The Belfast Film Festival has recently launched this year’s programme. Worth checking out.
One of the films I attended last year included snippets from the Lives of Spaces exhibition that eight Irish architects staged at the Venice Biennale in 2008. The exhibition is now on show in Ormeau Baths Gallery – on Ormeau Avenue, just up from the Holiday Inn. Today at lunchtime, one of the architects involved, Niall McCullough, gave a talk about his piece.
He sees a blurring of the boundaries between disciplines. Architecture and music have long been connected. But increasingly, artists are making structures and buildings that used to be the preserve of architects.
Architectural photographs are nearly always devoid of people, lest they spoil the clean lines of the empty building. Taken early in the morning, with strong light, and stray furniture moved out of the way, the photographs document the new building before the owners and the consumers make their mark.
So for their exhibit, they contrasted shots of an empty building – Waterford City Library, which McCullough Mulvin architectural practice had worked on five years previously – with moving images of it in use. Eight different vistas were filmed and play alongside a filmic version of the original architectural photographs.
As well as the library users, two static figures dressed in black were placed in each shot. Maybe like figures in a renaissance painting, they represent the architects? Maybe they point to the next view. Maybe the tall lady and the short man are looking for each other? Maybe they’re in love? The viewer gets to decide.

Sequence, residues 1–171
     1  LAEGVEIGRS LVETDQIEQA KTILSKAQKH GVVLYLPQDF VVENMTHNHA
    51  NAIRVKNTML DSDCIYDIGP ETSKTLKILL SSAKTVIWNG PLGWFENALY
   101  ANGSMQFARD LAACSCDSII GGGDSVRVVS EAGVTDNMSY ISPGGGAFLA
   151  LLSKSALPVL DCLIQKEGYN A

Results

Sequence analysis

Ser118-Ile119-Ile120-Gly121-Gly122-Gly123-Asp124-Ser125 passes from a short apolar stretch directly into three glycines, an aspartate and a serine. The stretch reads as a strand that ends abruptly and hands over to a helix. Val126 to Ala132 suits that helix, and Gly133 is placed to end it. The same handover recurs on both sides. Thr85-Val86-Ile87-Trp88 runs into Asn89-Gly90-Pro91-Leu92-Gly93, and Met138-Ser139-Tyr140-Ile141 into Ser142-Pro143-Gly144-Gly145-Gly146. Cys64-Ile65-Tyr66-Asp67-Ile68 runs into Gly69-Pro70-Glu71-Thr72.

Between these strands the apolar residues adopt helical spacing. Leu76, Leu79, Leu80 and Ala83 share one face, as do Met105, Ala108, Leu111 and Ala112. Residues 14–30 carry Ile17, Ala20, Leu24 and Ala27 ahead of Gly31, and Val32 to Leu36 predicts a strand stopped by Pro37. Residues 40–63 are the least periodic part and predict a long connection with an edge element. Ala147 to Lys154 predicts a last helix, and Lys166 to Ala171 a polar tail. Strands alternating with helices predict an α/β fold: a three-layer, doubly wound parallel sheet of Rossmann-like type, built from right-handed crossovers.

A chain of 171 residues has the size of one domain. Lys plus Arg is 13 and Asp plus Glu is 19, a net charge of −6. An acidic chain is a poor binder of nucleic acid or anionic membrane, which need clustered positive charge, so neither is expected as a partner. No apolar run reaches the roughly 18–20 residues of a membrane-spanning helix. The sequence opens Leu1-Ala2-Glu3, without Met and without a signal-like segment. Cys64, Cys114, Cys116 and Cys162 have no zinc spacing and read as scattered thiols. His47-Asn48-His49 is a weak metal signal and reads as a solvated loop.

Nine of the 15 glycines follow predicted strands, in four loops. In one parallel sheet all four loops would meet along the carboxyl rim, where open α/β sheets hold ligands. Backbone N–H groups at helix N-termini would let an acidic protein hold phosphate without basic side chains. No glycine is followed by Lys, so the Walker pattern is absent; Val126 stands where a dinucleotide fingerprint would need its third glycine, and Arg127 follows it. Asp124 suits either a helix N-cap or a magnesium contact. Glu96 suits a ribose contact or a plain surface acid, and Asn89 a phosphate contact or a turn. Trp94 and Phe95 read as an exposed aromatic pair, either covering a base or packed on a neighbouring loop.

McCullough pointed out that it was unusual for him as an architect to return to a building once it was in use. By having to sit in the library to think about the project, he’d discovered and come to terms with elements of his design that had worked, and elements that had been less successful.
Having now worked on a number of library projects, he commented that
“Libraries are great new public spaces.”
In the age of the internet, people still go to libraries and find them to be “value free public spaces” where no one asks you why you’re there, you just go and do your own thing.
There are a number of other events associated with the exhibition:
- Lives and Spaces: Art, Architecture and the Public symposium on Thursday 25 March looking “at how art, architecture and curating intersect in the public realm, through exhibitions, public art and the built environment”. In conjunction with OBG and PLACE.
- A workshop on Buildings of the World suitable for 8-10 year olds running on Saturday 13 March from 10.30am to 12.30pm.
- Lastly, at 7pm and 9pm on 23-25 March, members of the Lyric Studio (Lyric Theatre’s professional training programme for 18-24 year olds) will perform their original piece based around themes and visuals from, and responses to the exhibition. Places are limited – so contact Ormeau Baths Gallery in advance.
Update - you might also want to check out Thursday night’s architectural special on Arts Extra. Mark Hackett from the Forum for Alternative Belfast made an appearance along with a critique of the renovated Ulster Museum and talk about the Cathedral Quarter. (h/t to PLACE's blog for the reminder.)